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A new airport might tick a lot of our society's boxes

At last, Boris Island is back on the UK infrastructure radar. Well it’s not exactly Boris Island and it’s not exactly back, but we are at least talking about this critical issue again.

The inescapable fact is that the UK needs a replacement for Heathrow, which has now outgrown its geographical location. Its two-runway, five-terminal configuration is now operating at near-full capacity and the spectre of yet more jets circling directly above one of the world’s densest cities is ludicrous.

The point was emphasised at a recent business breakfast hosted by Transport for London. The discussion by business leaders in the room made it all too evident that the UK must radically raise its game when it comes to airport capacity − and fast.

Costing the nation

In short, the government’s failure to present and embrace any kind of tangible aviation policy is costing the nation. Without a commitment to radically enhancing the UK’s hub capacity, we will continue to lose out more as firms are forced to shift their business elsewhere. That means forgetting about Heathrow as a potential solution.

Because regardless of whether or not a third runway at Heathrow is ever politically deliverable − which is isn’t by the way − growing capacity at Heathrow just does not stack up.

There isn’t sufficient geographical space or transport capacity to create the scale of hub facility required to compete with the six runways at Schipol and four at Paris, Frankfurt and Madrid.

“One of our problems is that current thinking around capacity remains rooted in the old world of travel within Europe and the US. But the reality is that the world is rapidly moving on”

One of our problems is that current thinking around capacity remains rooted in the old world of travel within Europe and the US. But the reality is that the world is rapidly moving on. What counts now is access − not just to these traditional destinations but more importantly access to China and Asia.

The point was highlighted by London mayor Boris Johnson in July: “If you want to get to the big growth opportunities in mainland China, you have 31 flights a week from Heathrow, 46 from Schiphol, 64 from Paris and 70 from Frankfurt,” he said.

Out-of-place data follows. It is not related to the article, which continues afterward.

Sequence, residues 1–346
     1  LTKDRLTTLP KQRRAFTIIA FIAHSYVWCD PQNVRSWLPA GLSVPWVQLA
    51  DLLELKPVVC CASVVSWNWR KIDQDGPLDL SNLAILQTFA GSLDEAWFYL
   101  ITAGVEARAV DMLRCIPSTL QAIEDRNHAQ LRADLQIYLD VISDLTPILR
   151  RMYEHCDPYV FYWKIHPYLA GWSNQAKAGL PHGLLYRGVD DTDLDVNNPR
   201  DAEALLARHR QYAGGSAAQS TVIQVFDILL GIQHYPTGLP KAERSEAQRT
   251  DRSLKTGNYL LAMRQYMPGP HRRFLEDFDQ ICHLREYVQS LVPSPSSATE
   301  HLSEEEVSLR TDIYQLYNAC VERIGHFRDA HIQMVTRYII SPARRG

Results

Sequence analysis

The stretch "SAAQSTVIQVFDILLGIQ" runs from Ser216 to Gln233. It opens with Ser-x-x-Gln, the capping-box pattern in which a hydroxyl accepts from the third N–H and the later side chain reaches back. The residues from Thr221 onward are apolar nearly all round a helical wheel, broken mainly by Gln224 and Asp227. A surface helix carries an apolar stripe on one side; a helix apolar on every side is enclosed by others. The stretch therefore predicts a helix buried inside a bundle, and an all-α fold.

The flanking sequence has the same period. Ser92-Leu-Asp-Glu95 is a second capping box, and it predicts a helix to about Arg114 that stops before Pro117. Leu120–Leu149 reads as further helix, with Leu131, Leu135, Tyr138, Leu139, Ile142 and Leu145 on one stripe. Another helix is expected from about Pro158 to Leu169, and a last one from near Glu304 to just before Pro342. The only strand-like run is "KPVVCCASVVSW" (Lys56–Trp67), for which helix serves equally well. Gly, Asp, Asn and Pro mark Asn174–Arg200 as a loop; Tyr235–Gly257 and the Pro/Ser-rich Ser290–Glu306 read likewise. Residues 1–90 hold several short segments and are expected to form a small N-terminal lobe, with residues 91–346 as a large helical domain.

“If you want to fly to Guangzhou you have 10 direct flights per week from Amsterdam, 12 from Paris, 3 from Frankfurt and none from Heathrow.”

The key right now is to focus on the solution to this overarching problem beyond debating the merits of expanding Heathrow against building a Boris Island.

And the beauty of the Thames Estuary plan is that it isn’t just built around airport capacity (see analysis p10). It is ambitious, but also incorporates tidal power, flood prevention and transport links, all of which are, in their own right, critical infrastructure.

As I have so often said, infrastructure delivery needs vision and the ability to secure political support across the community. A scheme like this new airport is challenging but it ticks a lot of boxes.

  • Antony Oliver is NCE’s editor

Readers' comments (1)

  • Michael Paul

    As a former Essex resident who remembers the plans for the Maplin Sands airport/port project back in the 1970's - which would also have "ticked a lot of the right boxes" - I fear that this idea won't get past the discussion stage either. Unfortunately there don't seem to be enough people convinced that London's need for a new airport is an inescapable fact. In Britain (and to some extent in Germany too) such ambitious visions tend to get bogged down in a mire of arguments, where the short term costs (we can't afford it....!) are often used as a scare tactic, and too little is made of the long term benefits, economic or otherwise. Fortunately for civil engineers other countries are somewhat bolder in their approach, so we do get the chance to build such interesting things - albeit abroad!
    Mike Paul, Stuttgart, Germany

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